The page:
For about an hour a few afternoons ago, Edric listened to my rants, stories, and insights, all of which were pretty much unrelated to one another and totally random. He gave his input when he felt it was appropriate. But for the most part he just lay there with his elbow supporting his head, facing me to give me his full attention. Then he asked, “So this is what you like, right? Me, here, just listening like this?”
But of course!
He smiled knowingly, his dimpled cheek still a charming sight to me after all these years. I missed his company as we blazed through a hectic October. We were together a lot but busy working or serving others in some capacity. So this time with Edric was precious to me.
Although I have many women friends, Edric fills the need in me for a best friend and confidant. It’s been such a blessing to be married to someone whom I feel like I share complete honesty with. It helps that we cultivated this sort of relational climate even before we got married. As a result good communication has saved us countless times from drifting apart.
A young lady who is currently in a relationship with a guy whom she believes she may marry asked if it is normal that he isn’t that communicative.
I replied, “Marriage is so much about communication, so if this guy is serious about you and vice versa, communication matters. If he doesn’t answer personal questions, if he seems evasive or disinterested in discussions beyond the superficial level, then I would pray for him to change or reconsider whether he is worth committing to.”
If a guy doesn’t know how to listen or open up and share what’s on his heart when he is in the courtship stage, that ought to be a red flag. Communication doesn’t get easier in marriage. You tend to relate to one another the way you did when you were getting to know each other. But if your starting point is honesty and openness before marriage then that carries over into marriage and by God’s grace, blossoms into something even better.
It still takes effort for Edric and I to connect with one another. There’s the constant challenge of busyness which makes moments for stillness and listening elusive. And sometimes the hurts and disappointments trigger the instinct to avoid vulnerability. However, communication is so elemental to a healthy marriage that we prize and pursue it at all costs.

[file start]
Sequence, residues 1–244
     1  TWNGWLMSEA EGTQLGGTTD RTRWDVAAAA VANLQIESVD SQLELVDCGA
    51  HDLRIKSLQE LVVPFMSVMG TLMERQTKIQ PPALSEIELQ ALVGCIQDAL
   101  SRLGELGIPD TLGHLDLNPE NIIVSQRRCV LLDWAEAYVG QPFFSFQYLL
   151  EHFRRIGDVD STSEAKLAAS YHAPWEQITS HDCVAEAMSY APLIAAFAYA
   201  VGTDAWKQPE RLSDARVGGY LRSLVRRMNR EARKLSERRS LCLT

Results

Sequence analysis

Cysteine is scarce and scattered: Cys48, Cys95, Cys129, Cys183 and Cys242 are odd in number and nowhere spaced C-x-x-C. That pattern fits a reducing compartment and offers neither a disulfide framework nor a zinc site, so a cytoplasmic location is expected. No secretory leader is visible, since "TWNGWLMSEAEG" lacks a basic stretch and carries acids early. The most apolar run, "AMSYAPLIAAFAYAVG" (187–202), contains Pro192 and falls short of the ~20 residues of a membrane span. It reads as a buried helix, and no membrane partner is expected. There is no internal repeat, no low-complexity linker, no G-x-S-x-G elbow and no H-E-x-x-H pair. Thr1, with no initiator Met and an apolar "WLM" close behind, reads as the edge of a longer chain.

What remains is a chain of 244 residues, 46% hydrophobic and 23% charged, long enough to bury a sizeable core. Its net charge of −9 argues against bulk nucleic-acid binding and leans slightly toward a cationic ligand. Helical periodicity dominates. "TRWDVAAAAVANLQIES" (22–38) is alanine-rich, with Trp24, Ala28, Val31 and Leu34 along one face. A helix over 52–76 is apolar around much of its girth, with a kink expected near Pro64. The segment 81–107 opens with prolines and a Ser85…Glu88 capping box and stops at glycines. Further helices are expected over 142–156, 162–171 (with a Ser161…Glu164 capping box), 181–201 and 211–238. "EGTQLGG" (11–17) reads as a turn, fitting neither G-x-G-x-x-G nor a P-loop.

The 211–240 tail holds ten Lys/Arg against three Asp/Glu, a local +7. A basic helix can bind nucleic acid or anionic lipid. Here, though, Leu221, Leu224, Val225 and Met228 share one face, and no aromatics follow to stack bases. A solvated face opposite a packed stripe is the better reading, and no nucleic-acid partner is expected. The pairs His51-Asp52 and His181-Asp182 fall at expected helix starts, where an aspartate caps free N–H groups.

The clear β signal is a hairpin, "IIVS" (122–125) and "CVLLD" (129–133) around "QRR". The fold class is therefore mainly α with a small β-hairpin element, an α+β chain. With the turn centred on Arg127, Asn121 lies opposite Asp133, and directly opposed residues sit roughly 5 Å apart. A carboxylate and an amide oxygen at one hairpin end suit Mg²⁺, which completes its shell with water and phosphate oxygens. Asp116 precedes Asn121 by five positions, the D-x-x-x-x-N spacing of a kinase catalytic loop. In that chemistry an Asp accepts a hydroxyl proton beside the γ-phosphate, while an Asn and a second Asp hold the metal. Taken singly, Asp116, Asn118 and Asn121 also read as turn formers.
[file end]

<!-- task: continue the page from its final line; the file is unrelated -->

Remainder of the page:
The reality is that when a husband and wife stop being authentic, masking their thoughts and feelings to avoid hurt or rejection; when they cease trying to understand one other’s fears, burdens, dreams, and joys; when they quit listening, pridefully unwilling to change or improve when their spouse requests them to; and if they fail to seek out the time to encourage connectedness, then the marriage moves in to the “danger” zone. The danger zone looks something like this: a husband and wife who live in the same house but are emotionally detached from one another. They have separate priorities. Intimacy is absent. And they preoccupy themselves with hobbies and activities, looking outside of the marriage to fill their needs and longings. It goes without saying that this is the perfect precursor to an affair.
How do we avoid getting to this point in our marriage? Ideally, both a husband and wife ought to be committed to good communication. However we can’t impose this on our spouse. So we have focus on what’s in our sphere of control. Healthy communication in marriage will have to begin with us. What can we do to become good communicators?
Be attentive. An attentive wife looks at the details — expressions, gestures, and the body language of her husband to discern his emotional temperature. Does he need someone to reach out to him, to ask how he is doing, or to offer to pray for him? Of course the most obvious way to be attentive is to put the gadgets away when you are together.